The REINS Act might still be the last, best deal Biden gets on regulations if ‘Chevron deference’ is toppled by the Supreme Court

This week, the U.S. House of Representatives will be considering H.R. 277, the Regulations from the Executive in Need of Scrutiny (REINS) Act, legislation by U.S. Rep. Kat Cammack (R-Fla.), that would require Congressional approval for any regulation that either costs the economy at least $100 million, would impact consumer inflation or has or other ‘‘significant adverse effects’’ on the economy.

The legislation would build upon the 1996 Congressional Review Act — passed as a part of the debt ceiling deal with then President Bill Clinton and former House Speaker Newt Gingrich (R-Ga.) — by increasing Congress’ role in regulation even further. 

Under current law, Congress can disapprove of a regulation by an executive branch department or agency, but only after it’s been enacted, and only them if the President signs the joint resolution.

As a result, only 20 regulations have ever been overturned by the Congressional Review Act, and yet more than 95,000 rules and regulations have been issued over that time, according to the Competitive Enterprise Institute’s Clyde Wayne Crews and the Congressional Review Service.

Suffice to say, that has hardly restored Congress’ constitutional Article I lawmaking powers, which still effectively rest in departments and agencies hands, largely due to excessive grants of delegation to those executive branch officials to figure out the best way to enforce laws. Thus, House Republicans are returning to the drawing board by offering the REINS Act once again.

Amid this backdrop, the U.S. Supreme Court could be about to strike down the precedent that put the administrative state on a rapid ascent in recent years — the 1984 Chevron v. Natural Resources Defense Council decision. Known as Chevron deference, the 1984 decision established a legal test whereby federal courts would “defer” to the executive branch’s interpretation of a federal statute so long as it is not an “unreasonable” interpretation. 

Coupled with the unanimous 1983 Motor Vehicle Manufacturers Association v. State Farm Mutual decision, an agency must also supply a reasoned analysis when rescinding a regulation. Since then, it’s been easier to alter a regulation than it has been to rescind one.

But all of that could be about to change. 

The new case, Loper Bright Enterprises v. Raimondo, will be heard this fall or winter and be decided in 2024, which according to the Supreme Court’s docket posed the following questions: “1. Whether, under a proper application of Chevron, the [Magnuson-Stevens Act] MSA implicitly grants [National Marine Fisheries Service] NMFS the power to force domestic vessels to pay the salaries of the monitors they must carry. 2. Whether the Court should overrule Chevron or at least clarify that statutory silence concerning controversial powers expressly but narrowly granted elsewhere in the statute does not constitute an ambiguity requiring deference to the agency.”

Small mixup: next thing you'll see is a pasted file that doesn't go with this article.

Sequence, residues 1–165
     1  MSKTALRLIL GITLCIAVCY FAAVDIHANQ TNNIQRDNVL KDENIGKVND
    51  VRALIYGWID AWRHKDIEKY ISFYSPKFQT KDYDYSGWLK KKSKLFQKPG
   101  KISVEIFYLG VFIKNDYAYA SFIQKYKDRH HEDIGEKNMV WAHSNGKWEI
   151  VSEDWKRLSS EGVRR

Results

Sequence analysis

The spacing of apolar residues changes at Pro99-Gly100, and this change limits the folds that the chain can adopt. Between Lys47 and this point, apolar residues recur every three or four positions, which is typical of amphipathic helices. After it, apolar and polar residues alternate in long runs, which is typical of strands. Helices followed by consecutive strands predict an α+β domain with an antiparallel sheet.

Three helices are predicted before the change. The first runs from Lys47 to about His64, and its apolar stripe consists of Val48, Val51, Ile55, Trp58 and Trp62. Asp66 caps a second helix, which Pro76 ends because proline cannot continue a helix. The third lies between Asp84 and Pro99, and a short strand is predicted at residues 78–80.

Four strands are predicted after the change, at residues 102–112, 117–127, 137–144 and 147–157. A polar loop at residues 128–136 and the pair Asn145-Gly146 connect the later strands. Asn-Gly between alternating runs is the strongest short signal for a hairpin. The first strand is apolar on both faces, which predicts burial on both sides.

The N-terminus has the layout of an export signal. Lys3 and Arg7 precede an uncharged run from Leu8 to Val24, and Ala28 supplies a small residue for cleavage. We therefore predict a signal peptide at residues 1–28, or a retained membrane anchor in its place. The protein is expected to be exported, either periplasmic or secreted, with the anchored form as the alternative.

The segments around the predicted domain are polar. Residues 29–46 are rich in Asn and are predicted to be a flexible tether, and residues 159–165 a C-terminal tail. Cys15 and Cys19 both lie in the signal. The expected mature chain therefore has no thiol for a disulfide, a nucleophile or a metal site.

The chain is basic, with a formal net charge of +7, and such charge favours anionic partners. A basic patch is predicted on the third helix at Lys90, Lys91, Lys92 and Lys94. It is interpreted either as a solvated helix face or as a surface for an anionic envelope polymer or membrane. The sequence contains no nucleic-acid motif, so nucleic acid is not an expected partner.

Critically, the Court stated it would only consider the second question on whether or not to overrule Chevron: “THE PETITION FOR A WRIT OF CERTIORARI IS GRANTED LIMITED TO QUESTION 2 PRESENTED BY THE PETITION.” Meaning, the first question on whether the NMFS’ compulsion of domestic vessels to pay salaries of federal monitors was “a proper application under Chevron” will not even be considered. Instead, the Court will only be looking at “whether the Court should overrule Chevron…” or else clarify how laws should be interpreted by agencies when Congress is silent.

Depending on the how ruling goes, how the administrative state functions could be severely hampered, and could eventually cause Congress to step in and clarify what the role of departments and agencies are when it comes to issuing regulations. For the past four decades, the 1983 and 1984 decisions by the Supreme Court have had the impact of locking regulations into place, but without them, new Presidents may be able to just come into office and eliminate them.  

That is why the REINS Act might actually be the best, last deal that President Joe Biden gets on clarifying what the scope of the regulatory power is — before Chevron deference goes away forever. If it does, that might alter how Congressional Republicans approach the issue in the future, with an eye to going even further to roll back regulations. 

Biden for his part may have already passed up the opportunity, as the REINS Act was a part of the House-passed Limit, Save, Grow Act but then was significantly watered down in the final two-year increase of the debt ceiling that ultimately became law. For now, Biden and Congressional Democrats appear to be saying, if the administrative state is going down, they’d rather go down with a fight rather than ceding anything ahead of time.

Robert Romano is the Vice President of Public Policy at Americans for Limited Government Foundation. 

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